Shakespearean sonnet features

Shakespearean sonnet

William Shakespeare produced a new pattern of Sonnet called ‘Shakespearean Sonnet’ or ‘Elizabethan Sonnet’ or ‘English Sonnet‘. The following are the salient features of his Sonnet:

  1. The Shakespearean Sonnets are divided into three quatrains with four lines each and the concluding stanza is a Couplet containing two lines.
  2. The Rhyme Scheme of the Sonnets is ‘abab cdc efef gg’.
  3. In the fist three quatrains, the poet establishes a theme or problem and then resolves it in the final two lines.
  4. They comprise Iambic Pentameters. (Each line contains five meters and each meter contains an Unaccented Syllable following an Accented Syllable).

Difference between Petrarchan and Shakespearean Sonnets:

The Petrarchan Sonnets comprise two stanzas. The former stanza comprises eight lines called ‘Octave’ while the latter stanza comprises six lines called ‘Sestet’. It has the rhyme scheme abbaabba cdcdcd. It is Petrarch who is called the Father of ‘Sonnet’. He belonged to Italy and so the Sonnet invented by him is called either ‘Petrarchan Sonnet’ or ‘Italian Sonnet’.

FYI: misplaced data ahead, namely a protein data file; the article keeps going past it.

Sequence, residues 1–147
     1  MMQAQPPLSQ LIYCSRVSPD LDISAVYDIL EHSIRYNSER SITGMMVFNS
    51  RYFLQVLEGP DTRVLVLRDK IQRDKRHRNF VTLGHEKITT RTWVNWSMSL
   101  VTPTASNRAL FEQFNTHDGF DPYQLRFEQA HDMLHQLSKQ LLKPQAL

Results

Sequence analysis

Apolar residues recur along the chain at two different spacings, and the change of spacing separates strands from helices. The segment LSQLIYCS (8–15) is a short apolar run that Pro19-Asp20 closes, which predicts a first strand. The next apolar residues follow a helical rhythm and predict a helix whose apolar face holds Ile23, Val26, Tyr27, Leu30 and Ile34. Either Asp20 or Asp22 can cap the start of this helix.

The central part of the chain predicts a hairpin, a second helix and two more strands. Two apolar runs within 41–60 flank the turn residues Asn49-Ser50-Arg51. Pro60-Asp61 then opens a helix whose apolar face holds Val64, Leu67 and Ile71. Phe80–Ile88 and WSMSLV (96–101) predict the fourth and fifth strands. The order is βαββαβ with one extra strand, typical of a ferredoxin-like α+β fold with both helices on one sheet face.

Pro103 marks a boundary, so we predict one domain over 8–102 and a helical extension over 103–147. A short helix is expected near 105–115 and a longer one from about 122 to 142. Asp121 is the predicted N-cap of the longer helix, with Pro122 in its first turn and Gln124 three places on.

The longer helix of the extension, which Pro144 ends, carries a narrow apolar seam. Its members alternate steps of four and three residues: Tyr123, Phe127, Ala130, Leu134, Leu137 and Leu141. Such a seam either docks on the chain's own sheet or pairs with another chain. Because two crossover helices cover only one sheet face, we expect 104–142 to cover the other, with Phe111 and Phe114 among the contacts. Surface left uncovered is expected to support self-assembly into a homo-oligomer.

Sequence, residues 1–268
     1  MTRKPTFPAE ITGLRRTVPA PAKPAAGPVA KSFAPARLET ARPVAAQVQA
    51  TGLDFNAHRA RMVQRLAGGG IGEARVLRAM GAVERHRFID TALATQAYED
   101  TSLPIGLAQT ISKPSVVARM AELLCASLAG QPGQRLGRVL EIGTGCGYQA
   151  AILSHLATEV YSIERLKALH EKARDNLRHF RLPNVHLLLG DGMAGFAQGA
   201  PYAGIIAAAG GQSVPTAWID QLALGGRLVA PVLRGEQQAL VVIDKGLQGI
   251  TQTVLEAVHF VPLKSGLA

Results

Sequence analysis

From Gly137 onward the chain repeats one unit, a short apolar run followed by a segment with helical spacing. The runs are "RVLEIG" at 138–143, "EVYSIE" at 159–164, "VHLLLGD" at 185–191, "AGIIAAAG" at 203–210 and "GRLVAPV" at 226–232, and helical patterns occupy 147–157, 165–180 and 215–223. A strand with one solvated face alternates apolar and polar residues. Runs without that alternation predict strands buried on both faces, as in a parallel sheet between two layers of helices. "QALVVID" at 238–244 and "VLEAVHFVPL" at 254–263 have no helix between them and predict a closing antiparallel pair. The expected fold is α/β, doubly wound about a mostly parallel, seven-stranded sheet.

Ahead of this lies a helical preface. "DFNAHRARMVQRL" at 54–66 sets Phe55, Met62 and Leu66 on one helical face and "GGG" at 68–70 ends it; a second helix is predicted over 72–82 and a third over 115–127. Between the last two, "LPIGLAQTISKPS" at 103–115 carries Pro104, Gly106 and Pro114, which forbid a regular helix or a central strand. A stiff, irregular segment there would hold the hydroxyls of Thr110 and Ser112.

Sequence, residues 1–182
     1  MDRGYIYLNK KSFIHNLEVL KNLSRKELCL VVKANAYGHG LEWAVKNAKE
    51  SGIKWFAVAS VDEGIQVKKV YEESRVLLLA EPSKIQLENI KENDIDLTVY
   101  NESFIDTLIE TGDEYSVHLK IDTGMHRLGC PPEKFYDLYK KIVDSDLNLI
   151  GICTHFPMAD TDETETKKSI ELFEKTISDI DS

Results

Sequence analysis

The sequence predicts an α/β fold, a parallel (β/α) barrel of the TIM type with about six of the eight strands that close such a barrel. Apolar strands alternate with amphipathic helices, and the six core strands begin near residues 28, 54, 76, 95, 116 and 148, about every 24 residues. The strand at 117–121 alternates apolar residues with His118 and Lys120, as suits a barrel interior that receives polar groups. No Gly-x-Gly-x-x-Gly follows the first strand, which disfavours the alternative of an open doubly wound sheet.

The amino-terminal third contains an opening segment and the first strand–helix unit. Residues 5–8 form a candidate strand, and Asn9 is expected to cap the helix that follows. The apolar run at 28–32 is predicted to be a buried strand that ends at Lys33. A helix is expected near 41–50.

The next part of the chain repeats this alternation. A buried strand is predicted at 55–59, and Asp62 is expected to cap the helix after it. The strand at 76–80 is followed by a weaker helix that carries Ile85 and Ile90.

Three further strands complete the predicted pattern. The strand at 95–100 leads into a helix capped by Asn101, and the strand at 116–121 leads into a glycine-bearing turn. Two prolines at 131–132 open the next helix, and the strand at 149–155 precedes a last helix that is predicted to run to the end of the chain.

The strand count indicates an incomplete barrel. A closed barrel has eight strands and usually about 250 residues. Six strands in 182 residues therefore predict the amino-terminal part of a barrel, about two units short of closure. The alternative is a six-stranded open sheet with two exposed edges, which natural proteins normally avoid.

An Example of Shakespearean Sonnet

From fairest Creatures we desire increase

From fairest creatures we desire increase,     – a

That thereby beauty’s rose might never die,     -b

But as the riper should by time decease,     -a

His tender heir might bear his memory:      – b

But thou, contracted to thine own bright eyes,     -c

Feed’st thy light’st flame with self-substantial fuel,   -d

Making a famine where abundance lies,       – c

Thyself thy foe, to thy sweet self too cruel.     -d

Thou that art now the world’s fresh ornament    -e

And only herald to the gaudy spring,      -f

Within thine own bud buriest they content      -e

And, tender churl, makest waste in niggarding.     -f

Pity the world, or else this glutton be,      -g

To eat the world’s due, by the grave and thee.       -g

Memorable Points

  • Shakespeare composed 154 Sonnets between 1592 to 1598.
  • The Sonnets 18, 116 and 73 are most widely read in all of English Literature.
  • The first known Sonnet in English was composed by Thomas Wyatt and Henry Haward.
  • Edmund Spenser composed Sonnets with a little variance in the pattern of the English Sonnet. The Rhyme Scheme of his Sonnet is abab bcbc cdcd ee.
  • The majority of Shakespeare’s sonnets (1-126) are dedicated to a young man. The Poet convinces the young man to marry and produce children to remain immortal in his first seventeen sonnets.
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